For Every Child, Safe Water

March 22, 2018

 

 

 

Water is one of life's basic necessities. It's a human right. Yet around the world, an estimated 117 million people living in countries affected by crisis do not have access to safe water.

Drinking unsafe water spreads diseases

Children who drink unsafe water become weak, malnourished and susceptible to waterborne diseases, the second leading cause of death among children. Dirty water and poor sanitation can lead to malnutrition or make it worse. "No matter how much food a malnourished child eats, he or she will not get better if the water they are drinking is not safe," said Manuel Fontaine, UNICEF Director of Emergency Programs.

Children collect untreated water from a stream near their households in Ruyigi Province, Burundi, September 2017.

Children collect untreated water from a stream near their households in Ruyigi Province, Burundi in September 2017. © UNICEF/UN0185046/Haro

Globally, women and girls spend about 200 million hours a day collecting water

In eight out of 10 homes without running water, the job of collecting a family's water supply falls to women and girls. Globally, women and girls spend about 200 million hours a day walking to water sources — often alone, over rough terrain — and transporting heavy containers of water back home. That's time taken away from learning or building a better future for themselves. Girls who go to schools without running water or toilets are more likely to stay home when they're menstruating. Their educations are interrupted and their future prospects suffer. 

UNICEF is working to solve the water burden for women and girls

UNICEF is working to improve water and sanitation for the world's most vulnerable. In Burundi, a political crisis that began in 2015 has driven 400,000 people from the country and internally displaced another 175,000. Nearly half the population has no access to safe, clean water. As a result, Burundi has the world's highest rate of chronic malnutrition, which causes stunting. An estimated 56 percent of Burundi's children are stunted; they do not reach their expected height, weight or mental capacity.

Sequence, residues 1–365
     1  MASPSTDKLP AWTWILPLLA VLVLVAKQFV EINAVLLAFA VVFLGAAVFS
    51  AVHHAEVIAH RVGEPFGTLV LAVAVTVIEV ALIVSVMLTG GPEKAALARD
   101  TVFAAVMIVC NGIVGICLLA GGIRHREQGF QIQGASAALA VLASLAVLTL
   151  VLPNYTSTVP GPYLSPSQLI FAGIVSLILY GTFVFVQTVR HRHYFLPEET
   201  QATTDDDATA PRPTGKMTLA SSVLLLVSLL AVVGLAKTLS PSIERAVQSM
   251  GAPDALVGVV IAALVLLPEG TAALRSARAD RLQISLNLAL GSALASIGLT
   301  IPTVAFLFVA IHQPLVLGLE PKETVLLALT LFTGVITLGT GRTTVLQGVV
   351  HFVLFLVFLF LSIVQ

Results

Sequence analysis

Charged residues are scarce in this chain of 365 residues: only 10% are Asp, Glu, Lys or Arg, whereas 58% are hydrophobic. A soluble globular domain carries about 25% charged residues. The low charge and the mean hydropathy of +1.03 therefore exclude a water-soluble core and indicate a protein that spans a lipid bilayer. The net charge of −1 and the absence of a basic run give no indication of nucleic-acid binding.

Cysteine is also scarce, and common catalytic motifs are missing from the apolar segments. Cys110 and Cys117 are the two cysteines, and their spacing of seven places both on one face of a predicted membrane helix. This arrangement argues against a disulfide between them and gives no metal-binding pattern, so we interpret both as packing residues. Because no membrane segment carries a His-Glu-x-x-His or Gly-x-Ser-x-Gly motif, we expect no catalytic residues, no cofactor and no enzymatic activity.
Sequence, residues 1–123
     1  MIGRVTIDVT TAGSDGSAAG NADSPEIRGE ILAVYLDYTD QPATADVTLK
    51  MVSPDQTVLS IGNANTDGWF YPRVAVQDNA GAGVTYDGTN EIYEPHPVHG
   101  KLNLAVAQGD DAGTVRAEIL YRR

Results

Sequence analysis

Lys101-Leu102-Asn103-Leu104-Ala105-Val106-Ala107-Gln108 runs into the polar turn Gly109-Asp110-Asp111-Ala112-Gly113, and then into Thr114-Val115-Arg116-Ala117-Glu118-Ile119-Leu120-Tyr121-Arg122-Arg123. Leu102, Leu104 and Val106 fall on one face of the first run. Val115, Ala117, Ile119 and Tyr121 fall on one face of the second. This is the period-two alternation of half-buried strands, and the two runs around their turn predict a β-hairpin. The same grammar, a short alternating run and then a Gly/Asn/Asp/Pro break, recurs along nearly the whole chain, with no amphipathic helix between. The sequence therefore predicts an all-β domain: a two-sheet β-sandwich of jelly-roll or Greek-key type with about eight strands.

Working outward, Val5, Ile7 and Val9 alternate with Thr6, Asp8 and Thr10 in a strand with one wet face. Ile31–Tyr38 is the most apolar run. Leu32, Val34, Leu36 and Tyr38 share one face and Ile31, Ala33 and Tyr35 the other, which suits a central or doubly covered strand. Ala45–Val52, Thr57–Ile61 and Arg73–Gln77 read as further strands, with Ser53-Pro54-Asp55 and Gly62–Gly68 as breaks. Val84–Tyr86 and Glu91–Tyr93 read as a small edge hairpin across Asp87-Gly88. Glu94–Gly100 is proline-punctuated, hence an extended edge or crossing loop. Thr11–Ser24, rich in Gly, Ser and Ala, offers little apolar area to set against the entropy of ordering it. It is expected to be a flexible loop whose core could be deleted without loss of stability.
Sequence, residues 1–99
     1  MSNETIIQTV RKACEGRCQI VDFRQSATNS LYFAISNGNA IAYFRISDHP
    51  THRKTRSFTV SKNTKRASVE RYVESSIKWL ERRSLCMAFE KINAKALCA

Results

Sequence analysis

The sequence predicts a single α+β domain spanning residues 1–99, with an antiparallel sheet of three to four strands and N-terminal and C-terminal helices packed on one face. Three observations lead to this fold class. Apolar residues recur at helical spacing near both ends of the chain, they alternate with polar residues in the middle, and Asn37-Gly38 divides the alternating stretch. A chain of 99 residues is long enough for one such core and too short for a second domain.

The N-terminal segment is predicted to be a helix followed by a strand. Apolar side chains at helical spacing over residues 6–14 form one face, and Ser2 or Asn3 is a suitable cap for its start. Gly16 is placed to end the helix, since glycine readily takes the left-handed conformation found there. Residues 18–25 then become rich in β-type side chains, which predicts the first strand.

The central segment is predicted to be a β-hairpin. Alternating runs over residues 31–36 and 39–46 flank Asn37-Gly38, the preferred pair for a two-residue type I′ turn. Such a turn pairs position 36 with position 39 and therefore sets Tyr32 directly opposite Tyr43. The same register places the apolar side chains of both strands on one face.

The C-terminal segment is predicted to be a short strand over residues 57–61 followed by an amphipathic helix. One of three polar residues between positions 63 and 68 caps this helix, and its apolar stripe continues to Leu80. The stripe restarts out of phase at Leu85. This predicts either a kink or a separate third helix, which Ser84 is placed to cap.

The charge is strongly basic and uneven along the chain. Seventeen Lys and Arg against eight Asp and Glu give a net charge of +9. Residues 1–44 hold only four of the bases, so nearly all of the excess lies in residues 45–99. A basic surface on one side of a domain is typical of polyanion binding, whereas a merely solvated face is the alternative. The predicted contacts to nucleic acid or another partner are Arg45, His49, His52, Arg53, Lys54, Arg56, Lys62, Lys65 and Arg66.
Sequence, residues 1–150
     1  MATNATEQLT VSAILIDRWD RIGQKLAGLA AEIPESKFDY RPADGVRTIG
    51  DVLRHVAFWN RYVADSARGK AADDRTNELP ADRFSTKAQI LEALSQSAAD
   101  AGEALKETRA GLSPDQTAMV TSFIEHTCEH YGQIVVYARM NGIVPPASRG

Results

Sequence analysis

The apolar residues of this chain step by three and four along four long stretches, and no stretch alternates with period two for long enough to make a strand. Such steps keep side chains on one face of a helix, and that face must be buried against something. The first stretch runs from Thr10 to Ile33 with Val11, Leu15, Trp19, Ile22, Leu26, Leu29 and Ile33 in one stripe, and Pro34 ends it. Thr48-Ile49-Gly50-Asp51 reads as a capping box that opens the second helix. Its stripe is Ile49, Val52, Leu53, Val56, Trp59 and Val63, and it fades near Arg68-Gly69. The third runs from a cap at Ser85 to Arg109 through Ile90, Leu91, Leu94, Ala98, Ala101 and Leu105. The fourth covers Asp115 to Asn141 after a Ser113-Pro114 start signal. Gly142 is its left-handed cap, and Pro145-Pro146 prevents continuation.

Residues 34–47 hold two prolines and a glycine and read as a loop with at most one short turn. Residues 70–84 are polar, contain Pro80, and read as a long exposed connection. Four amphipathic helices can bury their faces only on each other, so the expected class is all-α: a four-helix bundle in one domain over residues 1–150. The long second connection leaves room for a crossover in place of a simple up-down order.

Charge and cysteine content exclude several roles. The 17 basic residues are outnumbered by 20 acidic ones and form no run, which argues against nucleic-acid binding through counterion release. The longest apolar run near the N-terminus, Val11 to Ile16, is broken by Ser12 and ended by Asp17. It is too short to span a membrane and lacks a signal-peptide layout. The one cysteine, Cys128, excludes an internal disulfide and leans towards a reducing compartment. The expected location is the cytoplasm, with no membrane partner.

Three-year-old Innocent (right) and a friend use a new hand pump to drink clean water in Rutana Province, Burundi.

Three-year-old Innocent (right) and a friend use a new hand pump to fill a container with clean, safe water in Rutana Province, Burundi in January 2018. © UNICEF/UN0164544/

In 2017, UNICEF USA partnered with global entertainer and humanitarian Beyoncé to create the multiyear BeyGood4Burundi initiative to support programs to improve water, sanitation and basic hygiene in the hardest-to-reach areas of the landlocked East African nation. The first 35 wells have now been completed. This year, Gucci and CHIME FOR CHANGE joined the partnership. Gucci's $1 million commitment to the project as a founding partner will help support the building of 80 additional wells, providing safe, clean water to more than 120,000 women, girls and their families. The goal is to provide safe water within a 30-minute walk for all. 

There is much more work to be done globally

UNICEF's goal for 2018 is to provide 35.7 million people with safe water for drinking, cooking and personal hygiene. In South Sudan, where 5.1 million people live without safe water or sanitation facilities, UNICEF is rehabilitating water treatment plants. In Bangladesh, UNICEF is protecting Rohingya refugees from waterborne illnesses during monsoon season by chlorinating the water supply and relocating and rebuilding toilets in danger of flooding.  And in wartorn Syria, UNICEF is providing displaced families with safe, clean water so they can stay healthy. There is much more work to be done worldwide.

Learn more about how UNICEF, Beyoncé's BeyGood4Burundi and Gucci's CHIME FOR CHANGE work to improve water and sanitation facilities in Burundi.  

 

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Photo at top: Globally, girls and women spend a collective 200 million hours every day fetching water for their families. © Shaquana Golding 2017